Marcus Lindeen’s documentary The Raft boasts such a compelling story that it could have easily coasted on its trove of archival materials. In 1973, Mexican anthropologist Santiago Genovés enlisted ten individuals (five men, six women) to sail across the Atlantic Ocean on a small raft, the Acali, in order to study interpersonal behavior and human beings’ relationship with violence. Lindeen had access to eight hours of 16mm footage shot aboard the Acali as well as Genovés’ personal diary. It’s not difficult to imagine a version of The Raft that simply recounts this underreported blip in social history through Genovés’ data. The literal story captivates on its eccentricity alone.
Instead, Lindeen spent almost two years tracking down the experiment’s seven surviving members (Genovés’ used pseudonyms in his research making the participants especially difficult to find) and reunited them aboard a life-size model of the Acali to reenact and revisit scenes from their adventure. The Raft cuts between scenes on the Acali, featuring Genovés’ writing narrated by Daniel Giménez Cacho (the eponymous Zama), and the present day, where the members recall their version of the events. Subsequently, the film interrogates Genovés’ original experiment and reveals the scientist’s own shortcomings and failures as well as its accidental success. Genovés dubbed his expedition “the Peace Project” because he wanted to see if humanity could live without war. The Acali crew ultimately proved him right in spite of Genovés’ best efforts.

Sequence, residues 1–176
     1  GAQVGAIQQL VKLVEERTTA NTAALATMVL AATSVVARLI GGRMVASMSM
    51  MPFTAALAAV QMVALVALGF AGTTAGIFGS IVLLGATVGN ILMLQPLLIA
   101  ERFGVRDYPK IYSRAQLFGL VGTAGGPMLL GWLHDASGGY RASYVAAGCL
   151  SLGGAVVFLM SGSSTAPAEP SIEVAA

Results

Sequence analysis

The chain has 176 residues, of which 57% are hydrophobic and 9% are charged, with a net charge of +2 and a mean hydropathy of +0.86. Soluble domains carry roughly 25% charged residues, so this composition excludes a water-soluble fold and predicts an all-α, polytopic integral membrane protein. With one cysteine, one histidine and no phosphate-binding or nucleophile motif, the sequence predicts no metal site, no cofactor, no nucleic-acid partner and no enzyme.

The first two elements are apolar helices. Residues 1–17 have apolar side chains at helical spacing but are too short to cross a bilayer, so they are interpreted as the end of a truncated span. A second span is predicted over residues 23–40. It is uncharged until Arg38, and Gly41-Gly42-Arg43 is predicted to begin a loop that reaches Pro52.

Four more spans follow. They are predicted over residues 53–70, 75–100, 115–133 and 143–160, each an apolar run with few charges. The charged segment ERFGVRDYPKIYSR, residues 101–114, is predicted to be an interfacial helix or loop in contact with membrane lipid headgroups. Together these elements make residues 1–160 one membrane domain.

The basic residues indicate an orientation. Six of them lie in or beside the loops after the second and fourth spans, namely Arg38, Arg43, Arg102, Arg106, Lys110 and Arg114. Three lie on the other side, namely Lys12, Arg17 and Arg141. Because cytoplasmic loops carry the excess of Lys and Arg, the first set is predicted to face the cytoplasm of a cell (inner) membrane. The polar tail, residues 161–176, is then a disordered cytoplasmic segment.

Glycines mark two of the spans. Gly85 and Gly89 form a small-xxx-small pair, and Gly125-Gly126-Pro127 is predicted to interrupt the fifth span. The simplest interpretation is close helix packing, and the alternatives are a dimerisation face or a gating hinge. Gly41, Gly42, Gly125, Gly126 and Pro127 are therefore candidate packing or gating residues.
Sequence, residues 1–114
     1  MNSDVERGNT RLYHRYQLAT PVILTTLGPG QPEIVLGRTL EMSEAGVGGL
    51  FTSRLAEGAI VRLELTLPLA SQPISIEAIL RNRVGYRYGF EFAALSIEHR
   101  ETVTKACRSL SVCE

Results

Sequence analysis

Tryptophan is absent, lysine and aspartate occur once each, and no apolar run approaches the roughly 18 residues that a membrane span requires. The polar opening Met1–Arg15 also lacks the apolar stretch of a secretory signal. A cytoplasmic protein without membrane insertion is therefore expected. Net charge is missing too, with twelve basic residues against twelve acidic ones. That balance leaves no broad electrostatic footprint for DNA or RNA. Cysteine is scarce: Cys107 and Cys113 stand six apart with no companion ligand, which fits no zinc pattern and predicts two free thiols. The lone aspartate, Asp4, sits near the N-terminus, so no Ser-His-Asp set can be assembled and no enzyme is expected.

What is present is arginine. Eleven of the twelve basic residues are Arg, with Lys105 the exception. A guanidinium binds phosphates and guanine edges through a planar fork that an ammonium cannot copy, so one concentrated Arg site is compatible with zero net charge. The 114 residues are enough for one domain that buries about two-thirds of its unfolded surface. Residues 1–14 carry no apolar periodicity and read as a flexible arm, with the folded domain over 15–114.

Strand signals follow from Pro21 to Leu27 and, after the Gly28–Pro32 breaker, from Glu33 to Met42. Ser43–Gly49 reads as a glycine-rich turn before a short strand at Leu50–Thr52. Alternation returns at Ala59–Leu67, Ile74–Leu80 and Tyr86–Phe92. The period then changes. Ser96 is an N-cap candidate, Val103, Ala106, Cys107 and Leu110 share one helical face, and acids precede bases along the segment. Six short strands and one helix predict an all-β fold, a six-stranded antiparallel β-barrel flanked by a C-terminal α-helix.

Genovés sought to create tension on the Acali both by isolating a diverse cross-section of attractive people and exclusively providing leadership roles to women. Some of the participants had sex with each other (hence, the media salaciously dubbing the Acali “the Sex Raft”), but mostly the group tended towards a state of bored harmony. Except for one errant event involving a shark, there was not much in the way of conflict, let alone violence. Frustrated by the results, Genovés provoked discord amongst the group: he shared confidential information, psychologically manipulated vulnerable members, and even racially taunted Fe Seymour, the sole black woman aboard. It’s almost impossible not to conjure up images of The Real World, or most garden-variety reality shows, when confronted with Genovés’ methods.
Lindeen paints a picture of a mad scientist laid low by the cooperation and intimacy of a group that had little use for him. The Raft begins as a profile of Genovés and ends as a testament to female solidarity, as the women were largely responsible for the Acali’s survival. The footage astounds, but the competing contextualizations breathe new life into the experiment, especially when Lindeen allows the surviving members free reign to confront past emotions. It’s telling that the expedition didn’t have a life-altering effect on its participants, but all have relatively fond memories of the event, despite a few catastrophic moments. Genovés couldn’t perceive the utopia he created because he was looking for strife instead of diplomacy. The Raft gives him and his guinea pigs the space to exalt community each in their own way.